Dealing with rude people requires us to not take personally whatever is being attacked, even if it’s being expressed in very personal terms or accusations. On The Inner Bottom Line®, however, if a personal boundary gets crossed or is abused, you’re still absolutely justified to say, “Stop. This is not acceptable.” And then withdraw or leave.
On a good day, when we’re feeling confident and self-assured, it’s not that hard to do, as your wonderful mantra “I remind myself that I get to be me and they have to be them” suggests. But when we’re not at our Personal Best®; when we’re tired, frustrated, hungry, in pain, or just having a bad day, and we suddenly find ourselves bathed in toxic, mean-spirited attitudes or language, it’s easy to be caught off guard, buy into the rudeness, and retaliate verbally or blow a fuse, embarrassing ourselves and everyone around us.
We’re only human; we’re not perfect. We’re all going to have bad moments after which we’ll wish we could take it back. And when that happens, we have to take responsibility for those moments when we haven’t or couldn’t live up to our own standard of conduct and learn from those lapses. It’s not all right to blame it solely on the person who started it.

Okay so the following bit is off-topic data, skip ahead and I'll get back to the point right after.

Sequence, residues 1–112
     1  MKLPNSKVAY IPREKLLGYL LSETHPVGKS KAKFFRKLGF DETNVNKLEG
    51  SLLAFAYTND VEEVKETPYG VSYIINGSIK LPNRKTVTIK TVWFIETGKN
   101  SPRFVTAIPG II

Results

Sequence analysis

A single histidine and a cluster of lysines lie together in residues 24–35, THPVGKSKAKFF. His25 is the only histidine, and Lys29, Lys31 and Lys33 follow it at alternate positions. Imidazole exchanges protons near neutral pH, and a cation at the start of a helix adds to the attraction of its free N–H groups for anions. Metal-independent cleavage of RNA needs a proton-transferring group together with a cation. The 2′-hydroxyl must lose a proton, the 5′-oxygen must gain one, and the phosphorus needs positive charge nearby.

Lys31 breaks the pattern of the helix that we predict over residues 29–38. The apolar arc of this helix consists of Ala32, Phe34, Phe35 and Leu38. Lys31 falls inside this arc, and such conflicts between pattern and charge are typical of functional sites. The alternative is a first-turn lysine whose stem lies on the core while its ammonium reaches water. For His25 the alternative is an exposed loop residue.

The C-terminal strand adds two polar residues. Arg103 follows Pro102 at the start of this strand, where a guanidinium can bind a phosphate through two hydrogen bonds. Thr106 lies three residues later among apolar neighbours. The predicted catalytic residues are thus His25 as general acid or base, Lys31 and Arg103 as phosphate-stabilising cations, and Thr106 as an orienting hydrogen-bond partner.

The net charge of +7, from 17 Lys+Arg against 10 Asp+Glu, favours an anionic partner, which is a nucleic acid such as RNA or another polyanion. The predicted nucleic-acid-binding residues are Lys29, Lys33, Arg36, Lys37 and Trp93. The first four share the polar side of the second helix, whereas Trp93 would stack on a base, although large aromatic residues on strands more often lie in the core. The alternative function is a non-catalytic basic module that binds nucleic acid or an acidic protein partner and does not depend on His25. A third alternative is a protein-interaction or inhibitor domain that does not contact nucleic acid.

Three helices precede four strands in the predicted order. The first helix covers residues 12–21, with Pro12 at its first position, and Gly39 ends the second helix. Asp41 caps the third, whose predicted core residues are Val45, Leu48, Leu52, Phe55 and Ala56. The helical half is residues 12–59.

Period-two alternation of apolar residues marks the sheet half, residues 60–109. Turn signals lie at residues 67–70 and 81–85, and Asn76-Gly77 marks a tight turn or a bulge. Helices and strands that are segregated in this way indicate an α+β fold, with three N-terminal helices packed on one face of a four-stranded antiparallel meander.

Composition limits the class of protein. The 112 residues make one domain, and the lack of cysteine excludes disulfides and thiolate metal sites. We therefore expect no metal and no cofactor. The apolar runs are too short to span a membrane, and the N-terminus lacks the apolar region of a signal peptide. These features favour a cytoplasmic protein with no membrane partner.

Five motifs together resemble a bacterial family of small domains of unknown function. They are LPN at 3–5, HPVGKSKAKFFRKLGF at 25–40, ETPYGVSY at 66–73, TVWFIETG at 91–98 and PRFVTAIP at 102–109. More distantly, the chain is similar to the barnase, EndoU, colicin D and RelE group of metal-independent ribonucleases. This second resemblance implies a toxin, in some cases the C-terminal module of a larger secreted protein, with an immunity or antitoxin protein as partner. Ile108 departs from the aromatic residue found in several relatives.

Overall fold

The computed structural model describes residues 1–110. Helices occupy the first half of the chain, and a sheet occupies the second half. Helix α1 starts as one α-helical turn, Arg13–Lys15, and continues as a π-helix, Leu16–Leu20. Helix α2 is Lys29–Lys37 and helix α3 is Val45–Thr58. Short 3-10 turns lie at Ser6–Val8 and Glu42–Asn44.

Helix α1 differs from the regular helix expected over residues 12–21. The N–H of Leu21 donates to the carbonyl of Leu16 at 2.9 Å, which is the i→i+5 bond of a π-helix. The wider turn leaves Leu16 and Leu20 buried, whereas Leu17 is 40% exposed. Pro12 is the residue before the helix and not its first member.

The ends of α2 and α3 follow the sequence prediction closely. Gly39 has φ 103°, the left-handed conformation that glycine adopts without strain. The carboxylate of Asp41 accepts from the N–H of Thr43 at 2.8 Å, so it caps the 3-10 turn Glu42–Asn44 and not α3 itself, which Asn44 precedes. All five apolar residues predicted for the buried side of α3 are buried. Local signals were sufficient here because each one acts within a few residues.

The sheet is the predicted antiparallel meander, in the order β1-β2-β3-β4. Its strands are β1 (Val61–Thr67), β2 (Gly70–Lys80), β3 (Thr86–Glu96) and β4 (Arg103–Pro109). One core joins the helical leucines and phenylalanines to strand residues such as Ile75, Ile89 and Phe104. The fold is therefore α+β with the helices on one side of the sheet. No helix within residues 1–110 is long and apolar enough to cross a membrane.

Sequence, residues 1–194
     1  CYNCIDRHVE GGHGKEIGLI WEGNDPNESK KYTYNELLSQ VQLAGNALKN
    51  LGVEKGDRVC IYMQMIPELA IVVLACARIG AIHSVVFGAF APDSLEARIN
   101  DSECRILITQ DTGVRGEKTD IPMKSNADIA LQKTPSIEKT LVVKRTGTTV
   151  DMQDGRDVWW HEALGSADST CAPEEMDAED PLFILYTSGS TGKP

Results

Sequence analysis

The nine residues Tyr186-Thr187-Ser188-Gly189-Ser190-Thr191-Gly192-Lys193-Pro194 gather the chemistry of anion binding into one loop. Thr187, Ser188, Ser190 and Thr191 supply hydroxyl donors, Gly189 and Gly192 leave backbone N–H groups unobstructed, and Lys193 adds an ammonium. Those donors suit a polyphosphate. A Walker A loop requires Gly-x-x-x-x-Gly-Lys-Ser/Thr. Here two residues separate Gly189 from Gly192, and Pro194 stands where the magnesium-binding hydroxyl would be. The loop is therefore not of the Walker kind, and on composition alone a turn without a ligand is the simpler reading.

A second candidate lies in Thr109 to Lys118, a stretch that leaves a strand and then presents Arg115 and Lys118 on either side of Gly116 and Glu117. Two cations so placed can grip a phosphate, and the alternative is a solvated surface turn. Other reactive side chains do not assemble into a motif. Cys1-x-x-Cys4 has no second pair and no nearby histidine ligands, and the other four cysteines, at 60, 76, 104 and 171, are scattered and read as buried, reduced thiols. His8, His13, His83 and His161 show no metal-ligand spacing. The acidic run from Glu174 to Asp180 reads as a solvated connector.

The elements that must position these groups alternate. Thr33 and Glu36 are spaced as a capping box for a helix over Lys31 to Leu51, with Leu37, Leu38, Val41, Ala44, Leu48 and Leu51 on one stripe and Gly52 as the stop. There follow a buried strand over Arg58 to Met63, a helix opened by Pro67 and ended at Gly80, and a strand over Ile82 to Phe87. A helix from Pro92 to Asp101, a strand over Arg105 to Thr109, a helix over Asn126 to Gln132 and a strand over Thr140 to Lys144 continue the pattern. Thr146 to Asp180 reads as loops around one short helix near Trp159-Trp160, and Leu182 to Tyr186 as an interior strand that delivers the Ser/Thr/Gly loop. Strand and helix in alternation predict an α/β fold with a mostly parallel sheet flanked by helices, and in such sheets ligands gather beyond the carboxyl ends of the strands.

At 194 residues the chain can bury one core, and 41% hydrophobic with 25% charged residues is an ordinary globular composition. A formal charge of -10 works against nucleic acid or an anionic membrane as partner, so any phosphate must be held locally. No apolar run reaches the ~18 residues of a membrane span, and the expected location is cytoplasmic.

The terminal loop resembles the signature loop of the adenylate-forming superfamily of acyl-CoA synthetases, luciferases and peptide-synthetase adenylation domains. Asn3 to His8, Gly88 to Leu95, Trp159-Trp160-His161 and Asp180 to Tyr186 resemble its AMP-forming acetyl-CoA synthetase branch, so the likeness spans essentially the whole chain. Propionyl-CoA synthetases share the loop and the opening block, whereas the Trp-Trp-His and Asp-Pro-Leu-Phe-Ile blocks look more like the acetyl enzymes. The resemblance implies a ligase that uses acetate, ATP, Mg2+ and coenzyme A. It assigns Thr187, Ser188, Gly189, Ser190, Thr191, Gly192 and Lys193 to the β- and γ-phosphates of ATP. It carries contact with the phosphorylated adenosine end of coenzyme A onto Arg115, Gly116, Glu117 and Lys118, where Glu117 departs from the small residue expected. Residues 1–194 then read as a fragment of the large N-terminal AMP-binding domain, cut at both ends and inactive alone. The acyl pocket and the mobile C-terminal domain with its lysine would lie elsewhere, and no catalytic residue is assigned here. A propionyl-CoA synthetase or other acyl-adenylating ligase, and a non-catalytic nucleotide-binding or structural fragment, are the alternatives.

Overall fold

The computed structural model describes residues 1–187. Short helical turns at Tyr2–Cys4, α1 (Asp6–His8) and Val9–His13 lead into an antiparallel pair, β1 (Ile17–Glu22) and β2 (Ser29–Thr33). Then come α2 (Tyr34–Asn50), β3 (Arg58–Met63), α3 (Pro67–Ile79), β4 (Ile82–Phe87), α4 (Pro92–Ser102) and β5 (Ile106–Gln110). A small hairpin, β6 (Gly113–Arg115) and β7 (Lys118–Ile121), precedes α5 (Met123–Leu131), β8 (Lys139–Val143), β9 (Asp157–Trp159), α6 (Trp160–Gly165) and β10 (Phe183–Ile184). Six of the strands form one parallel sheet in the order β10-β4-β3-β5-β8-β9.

Along with using P’s wonderful mantra, there are a few other things we can keep in mind or consider to help us deal more effectively with rude people, such as understanding where and how control and power enter the equation.
Whenever anyone lashes out at us and treats us with rudeness or disrespect, it helps to remember this person is out of control, probably feels reactive, vulnerable and insecure, and needs to blame us because they aren’t able or willing to be responsible for their own power. That’s why they abuse it.
Bottom line on The Inner Bottom Line, there’s no excuse for rudeness, disrespect or abuse. So never make one for someone else, especially a spouse, partner, parent, child or friend. Remember that when someone is coming from a hateful, hurtful, abusive and mean place, there will be nothing you can say or do that will be heard or accepted in that moment. Leave. Remove yourself from harm’s way. Run don’t walk to the nearest exit without feeling like a coward. You’re not weak or ineffective or cowardly. They are.
It’s the coward that uses crude, rude, abusive language or behavior to get the attention they so desperately seek so they can feel in control as well as whole and important. Don’t ever let them make you feel you need to participate in or respond to their dysfunctional pattern of behavior.
The Inner Bottom Line syndicated column is found nationally here on http://atombash.comand on the website at http://www.theinnerbottomline.com where you can submit your questions and ethical dilemmas or book consulting appointments and private or group coaching sessions with Olive.
Olive Gallagher is a life coach, ethicist, national speaker and columnist, and a licensed Oregon realtor and can be reached at http://www.dreamhomesportland.com. You can also find her real estate blog at http://activerain.trulia.com/blogs/theinnerbottomline on http://www.activerain.com.
Hard cover, Kindle and audio versions of Olive’s book, The Nude Ethicist: A Simple Path to The Good Life™, are available at http://is.gd/cLlZeI on http://www.amazon.com.